In today’s video, I’m answering an email from Monica.
A reader wonders: are relationship breaks healthy?
Are breaks good for both parties and relationship when your partner is dealing with retroactive jealousy?
Zachary Stockill: My general theory on breaks in a relationship, is that more often than not, breaks are preludes to a final breakup. Especially if you’re doing it more than once in a while.
There’s this kind of ambiguous phase in the relationship where it’s like, “Are we together or not? Are we dating other people or not?” If you’re going to take a break, be very clear on what that break is going to entail. And be very clear on when the break will end and when you’ll come back together.
I don’t think that breaks are usually good in the context of a relationship.
It implies a break in the intimacy, a break in the connection, and a break in the being there through thick and thin. So it kind of depends on what you mean by breaks in this context.
Now, if your partner needs some space and time to heal, maybe go on a weekend retreat or whatever, then yes, I think that’s absolutely a good idea. Depending on the situation. Depending on the severity of your partner’s retroactive jealousy. Quite often, a bit of time apart is actually a really good thing.
But by a bit of time apart, I mean, a day or two or three. Not weeks, not months, nothing like that. I think more often than not, that’s going to do more harm than good.
However, an odd weekend away to have some space, to have some clarity, to have some time to think, that can often be good.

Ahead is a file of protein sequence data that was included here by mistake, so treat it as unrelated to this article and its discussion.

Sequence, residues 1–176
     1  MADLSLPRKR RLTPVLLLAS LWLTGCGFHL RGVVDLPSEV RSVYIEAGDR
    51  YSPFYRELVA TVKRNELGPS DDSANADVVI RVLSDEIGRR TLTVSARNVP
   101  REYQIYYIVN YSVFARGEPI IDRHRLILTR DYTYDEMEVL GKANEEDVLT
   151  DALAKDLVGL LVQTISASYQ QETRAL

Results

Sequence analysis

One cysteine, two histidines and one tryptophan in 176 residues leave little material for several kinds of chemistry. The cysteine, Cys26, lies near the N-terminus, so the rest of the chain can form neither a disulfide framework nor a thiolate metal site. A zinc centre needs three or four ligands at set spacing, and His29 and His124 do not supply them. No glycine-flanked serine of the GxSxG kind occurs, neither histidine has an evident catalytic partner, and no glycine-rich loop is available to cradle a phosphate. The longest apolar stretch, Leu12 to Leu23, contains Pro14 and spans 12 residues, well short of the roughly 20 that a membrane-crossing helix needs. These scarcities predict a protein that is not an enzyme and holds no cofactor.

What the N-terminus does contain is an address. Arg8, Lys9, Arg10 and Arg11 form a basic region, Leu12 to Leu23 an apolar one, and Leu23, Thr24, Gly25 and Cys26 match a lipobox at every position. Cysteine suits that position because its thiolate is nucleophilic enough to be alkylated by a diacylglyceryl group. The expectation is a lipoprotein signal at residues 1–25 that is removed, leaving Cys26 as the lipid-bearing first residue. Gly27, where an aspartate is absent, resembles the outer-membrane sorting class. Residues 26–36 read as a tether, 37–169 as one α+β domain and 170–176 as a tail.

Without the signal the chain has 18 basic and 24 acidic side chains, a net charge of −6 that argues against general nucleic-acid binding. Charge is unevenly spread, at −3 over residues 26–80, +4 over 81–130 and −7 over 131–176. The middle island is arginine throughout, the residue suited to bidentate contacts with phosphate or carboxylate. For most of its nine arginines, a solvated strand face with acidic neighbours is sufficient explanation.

And also, expanding on this idea of a break, as your partner works to overcome retroactive jealousy, as I make very clear in my premium course, Get Over Your Partner’s Past Fast and beyond often with one on one coaching clients, they are going to need some space and time to heal.
They’re going to need little pockets of time where they’re away doing the exercises and practices which I recommend. They’re going to need time where they’re away from you focusing on their mission. Getting clarity by what’s important to them, etc.
Well, are relationship breaks really healthy?
I don’t think a complete break and contact is often necessary, at least not over long periods of time. And as the partner of someone struggling with retroactive jealousy, it’s good that you support them. And the fact that you’re okay with them taking a bit of space and time to do what they need to do to heal.
Whether that’s an afternoon, a weekend, or whatever. Supporting them as they take that space and time to heal can be very helpful. And it’s a good sign that you wrote to me and that you expressed interest.
A bit of distance can actually do a lot of good in a relationship. But taking these big breaks and these long periods of time apart from each other, especially if you’re not very clear on what that break actually entails, can do a lot of harm.
As we all learned from the popular American show FRIENDS, years ago when Ross and Rachel took a break, breaks can be kind of messy.
So if you’re going to do it, be very clear on what it means and more importantly, when you’re going to reunite and come back together.